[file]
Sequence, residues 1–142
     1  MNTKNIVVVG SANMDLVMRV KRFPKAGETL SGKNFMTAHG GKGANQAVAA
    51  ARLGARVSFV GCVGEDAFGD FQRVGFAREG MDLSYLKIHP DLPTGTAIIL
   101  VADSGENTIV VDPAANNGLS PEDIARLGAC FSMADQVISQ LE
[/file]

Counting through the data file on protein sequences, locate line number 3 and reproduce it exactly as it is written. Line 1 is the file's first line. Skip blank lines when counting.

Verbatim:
    51  ARLGARVSFV GCVGEDAFGD FQRVGFAREG MDLSYLKIHP DLPTGTAIIL